May 8, 2002
WHY NOT save all the energy it will take to predict who the Flyers' next head coach will be and take the only logical step? Poll the players and see who they would like to coach them - they will ultimately make that decision anyway. A very disgruntled fan, Bridget Greenwald Philadelphia As a fan, I always stood behind Bob Clarke and his decisions - until this year. The firing of Bill Barber is already a mistake for the next season. If Clarke wants to keep firing coaches before they have a chance to make an improvement, then maybe he should be the general manager/coach.
June 16, 1987 |
Looking very much the gentleman, Robert Earle Clarke was formally inducted into the Hockey Hall of Fame last night. It was a black-tie affair, and Clarke not only arrived with his two false front teeth snapped in place, he didn't even have a single drop of blood smeared across the front of his tuxedo. You think about the 15-year playing career that Clarke had with the Flyers, and the memories always go to that gap-toothed smile. Those who trace memories back to his earlier years also will recall his shock of curly hair.
April 1, 2013 |
With about 400 fans cheering loudly, the Flyers unveiled a statue of Bobby Clarke and Bernie Parent hoisting the Stanley Cup during a ceremony Saturday morning outside Xfinity Live. The seven-foot bronze statue commemorates the Flyers' championship teams in 1974 and 1975, and it sits outside the pub Broad Street Bullies, the nickname of those teams. Clarke, Parent, and club officials spoke at the ceremony, which was attended by former Flyers Reggie Leach, Bill Barber, Joe Watson, Don Saleski, Orest Kindrachuk, and Bob Kelly.
March 7, 2001
Phils' hopes dim Another baseball season is almost here, and once again, sportswriters write ridiculous articles about how the Phillies should be competitive. Anyone who can tie their own shoelaces knows the Phillies will stink again this year. MIKE SLANE, Philadelphia Fed up with Flyers? Both Bob Clarke and Eric Lindros are acting like immature brats, embarrassing the Flyers and Philadelphia. Ed Snider should hire Pat Croce to take care of this. He could fire Clarke and trade Lindros for a pair of those long pants the Flyers used to wear as uniforms.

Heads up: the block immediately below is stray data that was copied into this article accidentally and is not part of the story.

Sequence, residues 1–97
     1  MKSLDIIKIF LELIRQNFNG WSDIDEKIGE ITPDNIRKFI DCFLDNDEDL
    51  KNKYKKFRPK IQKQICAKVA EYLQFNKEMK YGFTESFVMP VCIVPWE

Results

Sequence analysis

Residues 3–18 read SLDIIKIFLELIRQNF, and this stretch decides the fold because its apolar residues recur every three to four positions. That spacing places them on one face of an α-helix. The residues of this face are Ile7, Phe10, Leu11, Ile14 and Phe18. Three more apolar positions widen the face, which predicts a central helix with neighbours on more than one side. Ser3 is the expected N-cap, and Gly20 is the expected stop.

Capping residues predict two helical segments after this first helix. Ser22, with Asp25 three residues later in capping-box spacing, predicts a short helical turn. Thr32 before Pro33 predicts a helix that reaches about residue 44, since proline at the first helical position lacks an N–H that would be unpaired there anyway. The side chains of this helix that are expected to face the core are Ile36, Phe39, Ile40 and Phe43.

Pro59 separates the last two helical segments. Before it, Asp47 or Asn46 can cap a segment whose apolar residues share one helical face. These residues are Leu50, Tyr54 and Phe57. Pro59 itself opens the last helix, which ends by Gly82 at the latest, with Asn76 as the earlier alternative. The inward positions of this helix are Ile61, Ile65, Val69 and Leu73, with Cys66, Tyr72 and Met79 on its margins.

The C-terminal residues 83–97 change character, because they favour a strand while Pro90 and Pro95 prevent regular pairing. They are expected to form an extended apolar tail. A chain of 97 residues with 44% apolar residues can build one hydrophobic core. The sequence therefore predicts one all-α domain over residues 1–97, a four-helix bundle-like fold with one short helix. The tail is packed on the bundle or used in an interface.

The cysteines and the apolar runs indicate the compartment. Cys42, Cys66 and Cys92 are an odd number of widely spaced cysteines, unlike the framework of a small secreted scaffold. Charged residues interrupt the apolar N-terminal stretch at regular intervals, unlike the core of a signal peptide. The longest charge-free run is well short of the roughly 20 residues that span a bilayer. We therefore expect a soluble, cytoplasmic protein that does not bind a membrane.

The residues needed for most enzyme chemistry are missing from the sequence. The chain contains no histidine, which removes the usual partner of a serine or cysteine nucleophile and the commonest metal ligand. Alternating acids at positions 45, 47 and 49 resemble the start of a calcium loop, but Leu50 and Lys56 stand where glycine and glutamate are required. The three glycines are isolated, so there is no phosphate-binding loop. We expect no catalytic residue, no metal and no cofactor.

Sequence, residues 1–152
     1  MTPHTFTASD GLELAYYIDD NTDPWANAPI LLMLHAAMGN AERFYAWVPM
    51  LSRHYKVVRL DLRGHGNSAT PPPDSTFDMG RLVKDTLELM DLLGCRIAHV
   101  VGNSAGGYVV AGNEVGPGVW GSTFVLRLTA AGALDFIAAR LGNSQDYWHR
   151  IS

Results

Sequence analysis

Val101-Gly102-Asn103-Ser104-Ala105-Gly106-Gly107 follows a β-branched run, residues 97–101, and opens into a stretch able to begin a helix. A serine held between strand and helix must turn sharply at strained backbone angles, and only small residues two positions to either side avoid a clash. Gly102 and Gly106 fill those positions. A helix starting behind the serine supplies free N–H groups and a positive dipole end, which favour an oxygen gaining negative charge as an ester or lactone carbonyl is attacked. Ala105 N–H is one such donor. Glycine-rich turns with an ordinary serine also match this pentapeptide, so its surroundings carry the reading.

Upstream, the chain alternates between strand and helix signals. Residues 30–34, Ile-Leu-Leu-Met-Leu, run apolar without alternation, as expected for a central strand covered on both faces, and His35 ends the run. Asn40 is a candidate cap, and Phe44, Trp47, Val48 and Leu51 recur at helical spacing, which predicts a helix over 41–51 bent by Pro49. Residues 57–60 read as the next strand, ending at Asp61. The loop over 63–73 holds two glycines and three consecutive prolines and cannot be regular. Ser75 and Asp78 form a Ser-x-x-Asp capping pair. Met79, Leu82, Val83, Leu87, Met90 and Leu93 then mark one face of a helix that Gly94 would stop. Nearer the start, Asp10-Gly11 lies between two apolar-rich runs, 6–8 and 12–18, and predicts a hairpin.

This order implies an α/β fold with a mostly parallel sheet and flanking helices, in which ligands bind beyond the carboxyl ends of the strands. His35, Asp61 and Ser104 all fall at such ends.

January 19, 1989 |
The Springfield Spartans haven't been doing so well in the Suburban One American Conference Freedom Division lately. So when the Liberty Division's Upper Merion came to town Tuesday night, Spartans coach Jack Spinella hoped the change might do his team good, even though the Vikings had won five straight games. He was wrong. Upper Merion dashed those hopes behind the spectacular shooting of Bobby Clarke, and the Spartans fell, 74-55. Clarke tallied a game-high 38 points to pace Upper Merion, which led at the end of each period.
August 28, 1989 |
Defenseman Jiri Latal, a highly regarded prospect from Czechoslovakia, has left his club team to join the Flyers. Latal, a 6th-round draft choice of Toronto in 1985 who was never signed by the Leafs, recently sent word through intermediaries that he wished to leave his homeland to play in the NHL. Toronto has agreed to trade Latal's rights to the Flyers in exchange for a conditional draft choice. Flyers assistant coach Andy Murray met with Latal in Frankfurt, West Germany.
May 28, 2010 |
BILL CLEMENT, a gritty center for the Broad Street Bullies' 1974 and '75 Stanley Cup-winning teams, paused for a moment when asked to ponder which current Flyer he resembled when he played. "I think Blair Betts," said Clement, now an analyst on the Flyers' pregame and postgame shows on Comcast SportsNet. "I was a penalty killer and more of a defensive player when I was here. I had a 20-goal season 1 year [21 in '75], and I was good on faceoffs. That was one of my roles. Bobby Clarke and I took the majority of the big faceoffs.
April 30, 1990 |
Nothing so much as the firing of hockey superstar Bobby Clarke as general manager of the Philadelphia Flyers points up the obvious: After all is said and done, sports is first a business. Clarke's firing proves again that sports can be a cruel enterprise. But you would have thought that Hall of Famer Clarke would have been an exception because he spent the bulk of his playing days breathing life into an otherwise unspectacular franchise. Indeed, during the '70s Clarke was the franchise.